The work of Kristina Chmelar, Facilities senior program planner with Capital University Planning, and a dedicated group of campus-wide colleagues is focused largely on energy savings, whether it is about open spaces or architecture. “Everything has a sustainability emphasis in our office from campus planning initiatives through all capital projects,” says Kristina. Recently we spoke with this 12-year Yale veteran to gain her perspective on Yale’s commitment to sustainability.
What campus sustainability projects have you worked on?
Many ambitious cultural properties projects, and in particular, those at the West Campus Collections Study Center that included collaboration with Yale Energy Management and art conservation scientists. Our group focused on reducing energy demand. Using the existing building presented challenges due to the integrity of the exterior envelope. We solved this by providing new interior insulated wall systems within the building to maintain climate for the art collections. We refer to it as “box within a box” and planned for low occupancy levels, which demand much less air exchange. Our selection of lighting—LEDS—and mechanical equipment were informed by this approach and consequently require less energy use. More recently, my work on the comprehensive renovation of the Peabody Museum set a design goal to reduce current energy use by 50%. This approach influenced design strategy across all discipline scope items.
How do you reduce what is referred to as “current energy intensity?”
Architecturally, we enhance the building envelope by putting new insulation throughout the interior face of the exterior wall, including the basement walls and continuous across the inside of the roof to the best extent possible. We are also providing air infiltration barriers throughout. An example of this are the upgrades to the Peabody museum, in which improvements to the building envelope will stabilize the interior environment and make it less vulnerable to fluctuations due to exterior climate conditions.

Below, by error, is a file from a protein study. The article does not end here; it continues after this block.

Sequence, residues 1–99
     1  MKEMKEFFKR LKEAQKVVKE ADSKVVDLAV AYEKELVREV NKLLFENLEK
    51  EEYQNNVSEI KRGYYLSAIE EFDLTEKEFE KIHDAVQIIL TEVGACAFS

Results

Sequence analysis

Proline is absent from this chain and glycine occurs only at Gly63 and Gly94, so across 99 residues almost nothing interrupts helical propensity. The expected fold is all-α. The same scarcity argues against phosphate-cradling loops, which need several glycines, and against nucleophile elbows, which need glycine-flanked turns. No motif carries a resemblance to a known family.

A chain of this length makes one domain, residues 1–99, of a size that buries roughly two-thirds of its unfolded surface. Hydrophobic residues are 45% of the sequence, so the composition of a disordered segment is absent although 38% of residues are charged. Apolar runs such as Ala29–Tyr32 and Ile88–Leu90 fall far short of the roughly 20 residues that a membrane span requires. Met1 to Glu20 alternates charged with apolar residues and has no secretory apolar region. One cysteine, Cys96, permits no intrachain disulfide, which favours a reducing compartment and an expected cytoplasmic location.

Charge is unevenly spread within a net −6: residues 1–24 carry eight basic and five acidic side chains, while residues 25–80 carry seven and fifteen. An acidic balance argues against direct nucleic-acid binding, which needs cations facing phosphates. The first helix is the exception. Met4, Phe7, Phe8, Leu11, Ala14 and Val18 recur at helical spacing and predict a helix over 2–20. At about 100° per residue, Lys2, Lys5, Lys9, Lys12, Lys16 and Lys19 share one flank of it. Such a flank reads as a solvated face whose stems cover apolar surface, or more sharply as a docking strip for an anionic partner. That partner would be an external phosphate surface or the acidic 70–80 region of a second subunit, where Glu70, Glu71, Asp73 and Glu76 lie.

Mechanically, we have projects that are designed with a heat recovery chiller. This new approach uses an onsite chiller to serve as a localized source for chilled water, through the ability to extract heat from the circulated chilled water system. The recovered heat can then be redirected for various heating applications, which saves energy. At the Peabody Museum, it also will reduce the demand for chilled water exported from the Central Power Plant.
Expand a little on how these projects contribute to Yale’s climate goals?
Our emphasis is on carbon reduction and energy reduction, which contribute to the lowering of greenhouse gases. In the built environment, we are focusing on building envelope improvements—higher insulation values, air infiltration barriers, and an HVAC solution with equipment that provide the targeted energy efficiency. These are the main drivers and they align with the ambitious standard of Passive House for new construction, or Enerphit for renovations, which is an energy retrofit for the existing building. Our design standards call for comprehensive projects to meet the requirements for LEED Gold certification in addition to Yale specific requirements, and more recent projects are investigating what is required to not only meet this standard, but to exceed it by providing energy efficiency through passive methods, meaning less demand on operating mechanical equipment, and more on utilizing the building envelope to maintain interior conditions.